# What is the need of multiple Bounding Boxes per grid cell in YOLO v1?

This question is regarding YOLO v1 architecture as in here.

I am confused as to why authors have used 2 bounding boxes per grid cell for training. Assuming there can be only one object per grid cell. Would two boxes would be relevant?

If yes:

Then how would the target vector(y) for the grid cell containing the object centre look like? Wont this lead to repeated values of ground truth annotations for both bounding boxes?

else:

What is the exact rationale behind multiple bounding boxes?

• check this related question on another Stack Exchange site: Yolo v1 bounding boxes during training step, hope it will help you. Commented Apr 18, 2018 at 11:55
• Commented May 15, 2019 at 9:17

I think we need to have clear separation of training time and inference time.

## During training

At the training time, the responsible bounding box of the highest IOU at each cell plays the part in the loss function via $$1^{obj}_{ij}$$. So we may think why not use just one bounding box per cell.

However, let's not forget that both bounding box predictors of each cell are getting trained. YOLO train the model so that each bounding box predictor at a cell develops their own specializations. We never know which bounding box at a cell gives a better prediction at the inference time.

## During inference

At inference time, YOLO uses all the bounding boxes of all the cells to calculate class confidence scores.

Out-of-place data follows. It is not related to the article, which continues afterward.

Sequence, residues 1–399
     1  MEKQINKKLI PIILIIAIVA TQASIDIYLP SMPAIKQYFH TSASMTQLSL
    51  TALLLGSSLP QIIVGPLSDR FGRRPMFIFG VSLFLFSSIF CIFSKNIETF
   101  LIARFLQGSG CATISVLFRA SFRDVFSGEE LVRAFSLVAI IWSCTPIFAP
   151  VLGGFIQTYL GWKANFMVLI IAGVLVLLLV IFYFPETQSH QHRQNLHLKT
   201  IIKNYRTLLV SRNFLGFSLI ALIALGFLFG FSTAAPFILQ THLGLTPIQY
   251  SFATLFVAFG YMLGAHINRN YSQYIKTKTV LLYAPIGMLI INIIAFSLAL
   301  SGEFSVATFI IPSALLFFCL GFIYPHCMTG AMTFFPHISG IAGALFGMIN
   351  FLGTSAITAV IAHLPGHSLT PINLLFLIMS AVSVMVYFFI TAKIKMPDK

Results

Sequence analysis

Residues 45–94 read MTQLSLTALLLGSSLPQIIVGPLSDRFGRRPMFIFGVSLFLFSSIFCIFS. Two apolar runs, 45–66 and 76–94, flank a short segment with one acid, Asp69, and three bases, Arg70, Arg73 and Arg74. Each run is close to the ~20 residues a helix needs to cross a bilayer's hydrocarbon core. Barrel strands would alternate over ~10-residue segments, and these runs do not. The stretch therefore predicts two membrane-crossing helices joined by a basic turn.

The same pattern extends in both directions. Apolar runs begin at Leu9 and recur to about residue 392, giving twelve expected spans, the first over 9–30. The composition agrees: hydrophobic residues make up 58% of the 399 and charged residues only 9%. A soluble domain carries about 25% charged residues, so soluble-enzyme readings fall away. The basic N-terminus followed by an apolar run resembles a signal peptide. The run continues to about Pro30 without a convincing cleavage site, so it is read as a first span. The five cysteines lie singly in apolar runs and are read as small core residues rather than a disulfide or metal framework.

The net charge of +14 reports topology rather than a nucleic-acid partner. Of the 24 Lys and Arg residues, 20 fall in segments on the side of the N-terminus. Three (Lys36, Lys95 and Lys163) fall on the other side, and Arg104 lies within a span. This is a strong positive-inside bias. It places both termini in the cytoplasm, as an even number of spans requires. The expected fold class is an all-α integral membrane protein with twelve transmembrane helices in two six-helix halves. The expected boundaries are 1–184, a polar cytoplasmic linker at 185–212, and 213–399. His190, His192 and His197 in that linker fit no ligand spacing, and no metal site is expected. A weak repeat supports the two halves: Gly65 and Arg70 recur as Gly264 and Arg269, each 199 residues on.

Then apply non-max suppression to identify objects from all the bounding boxes of all the cells.

This steps are well explained in YOLO — ‘You only look once’ for Object Detection explained.

Next, we multiply all these class score with bounding box confidence and get class scores for different bounding boxes. We do this for all the grid cells. That is equal to 772 = 98. Now we have class scores for each bounding box(Tensor dimension=20*1). Now let us focus on the dog in the image. The dog score for the bounding boxes will be present in (1,1) of the tensor in all the bounding box scores. We will now set a threshold value of scores and sort them descendingly. Now we will use Non-max supression algorithm to set score to zero for redundant boxes.

Consider you have dog score for bounding box1 as 0.5 and let this be the highest score and for box47 as 0.3. We will take an Intersection over Union of these values and if the value is greater than 0.5, we will set the value for box2 as zero,otherwise, we will continue to the next box. We do this for all boxes.

Because each bounding box predictor at each cell has developed different specialization, we have more diverse capabilities in the YOLO model than having single bounding box per cell . The first (j=0) bounding box at cell (1, 1) may give a better confidence (IOU) for a dog but the second (j=1) bounding box may give a better one for a cat.

By using multiple bounding boxes (B > 1), YOLO gives better detection capabilities. I believe by increasing B, the capability would improve. However, because YOLO puts the importance on the real-time detection speed, B is set to 2, in my understanding.